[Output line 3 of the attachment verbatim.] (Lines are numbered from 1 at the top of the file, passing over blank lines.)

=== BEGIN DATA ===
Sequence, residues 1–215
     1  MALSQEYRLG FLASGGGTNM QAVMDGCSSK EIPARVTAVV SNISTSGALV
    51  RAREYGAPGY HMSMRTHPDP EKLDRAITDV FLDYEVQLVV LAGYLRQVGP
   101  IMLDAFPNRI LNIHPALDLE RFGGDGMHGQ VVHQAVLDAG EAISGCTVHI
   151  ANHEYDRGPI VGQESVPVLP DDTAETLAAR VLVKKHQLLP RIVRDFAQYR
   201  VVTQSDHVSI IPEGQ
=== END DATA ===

    51  RAREYGAPGY HMSMRTHPDP EKLDRAITDV FLDYEVQLVV LAGYLRQVGP